Their goal, as others have said, is to roll back the clock a century and more. In 1892, when the robber baron and corrupt financier Jay Gould died, Mark Twain wrote a scathing epitaph: Gould, he said, "reversed the commercial morals of the United States. He had put a blight upon them from which they have never recovered, and from which they will not recover for as much as a century to come. Jay Gould was the mightiest disaster which has ever befallen this country."

It has been a century and we have surely not recovered: but we have managed to create an even mightier disaster. It remains to be seen whether we will recover, but it is long past time to stop making declarations of independence. We need to get back to work forming a more perfect union – or any union at all.

Sarah Churchwell is Professor of American Studies at the University of East Anglia

React Now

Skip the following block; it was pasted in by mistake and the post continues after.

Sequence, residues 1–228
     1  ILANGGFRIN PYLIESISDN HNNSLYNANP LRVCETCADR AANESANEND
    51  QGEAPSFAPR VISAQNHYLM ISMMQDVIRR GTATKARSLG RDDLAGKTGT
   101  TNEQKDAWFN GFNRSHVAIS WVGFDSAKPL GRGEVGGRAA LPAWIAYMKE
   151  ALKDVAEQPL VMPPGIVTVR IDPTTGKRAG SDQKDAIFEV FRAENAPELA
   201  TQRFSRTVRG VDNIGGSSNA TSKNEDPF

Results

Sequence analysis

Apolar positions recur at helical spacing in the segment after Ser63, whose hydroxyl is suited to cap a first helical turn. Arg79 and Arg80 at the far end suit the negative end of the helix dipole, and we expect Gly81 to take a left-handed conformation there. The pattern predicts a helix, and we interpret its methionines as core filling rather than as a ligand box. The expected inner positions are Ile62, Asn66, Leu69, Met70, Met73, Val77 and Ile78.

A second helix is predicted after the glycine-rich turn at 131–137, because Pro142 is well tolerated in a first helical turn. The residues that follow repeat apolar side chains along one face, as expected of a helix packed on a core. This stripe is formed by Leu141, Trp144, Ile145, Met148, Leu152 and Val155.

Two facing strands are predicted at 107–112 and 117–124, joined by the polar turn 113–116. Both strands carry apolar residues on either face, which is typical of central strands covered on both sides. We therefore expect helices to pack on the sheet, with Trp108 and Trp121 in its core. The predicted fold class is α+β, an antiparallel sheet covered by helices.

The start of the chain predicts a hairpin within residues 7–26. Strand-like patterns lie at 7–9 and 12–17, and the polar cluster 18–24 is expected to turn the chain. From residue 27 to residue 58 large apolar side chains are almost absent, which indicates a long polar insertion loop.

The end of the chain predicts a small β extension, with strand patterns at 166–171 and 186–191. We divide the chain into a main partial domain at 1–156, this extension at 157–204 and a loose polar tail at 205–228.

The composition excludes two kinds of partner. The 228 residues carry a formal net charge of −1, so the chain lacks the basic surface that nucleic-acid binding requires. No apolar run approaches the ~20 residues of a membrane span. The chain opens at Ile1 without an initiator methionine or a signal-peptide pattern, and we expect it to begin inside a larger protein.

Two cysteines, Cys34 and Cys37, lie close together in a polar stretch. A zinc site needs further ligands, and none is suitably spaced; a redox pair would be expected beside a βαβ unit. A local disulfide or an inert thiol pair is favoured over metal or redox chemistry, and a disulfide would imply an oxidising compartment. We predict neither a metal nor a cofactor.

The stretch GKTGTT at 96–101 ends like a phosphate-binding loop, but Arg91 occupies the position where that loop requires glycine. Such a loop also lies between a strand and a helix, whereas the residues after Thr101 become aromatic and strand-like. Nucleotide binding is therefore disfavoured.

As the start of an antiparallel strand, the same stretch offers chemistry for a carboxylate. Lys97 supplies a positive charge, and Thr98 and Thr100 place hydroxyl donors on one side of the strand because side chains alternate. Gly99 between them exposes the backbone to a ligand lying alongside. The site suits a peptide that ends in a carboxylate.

Latest stories from i100
Have you tried new the Independent Digital Edition apps?
iJobs Job Widget
iJobs General

Recruitment Genius: Parts Advisor

£16500 - £18500 per annum: Recruitment Genius: One of the leading Mercedes-Ben...

Recruitment Genius: Software Developer

£27500 - £35000 per annum: Recruitment Genius: This is an exciting opportunity...

Recruitment Genius: Telemarketers / Sales - Home Based - OTE £23,500

£19500 - £23500 per annum: Recruitment Genius: Experienced B2B Telemarketer wa...

Recruitment Genius: Showroom Assistant

Negotiable: Recruitment Genius: This global company are looking for two Showro...

Day In a Page

Read Next
A teenage girl uses her smartphone in bed.  

Remove smartphones from the hands of under-18s and maybe they will grow up to be less dumb

Janet Street-Porter
Rohingya migrants in a boat adrift in the Andaman Sea last week  

Burma will regret shutting its eyes to the fate of the Rohingya boat people

Peter Popham
Fifa corruption: The 161-page dossier that exposes the organisation's dark heart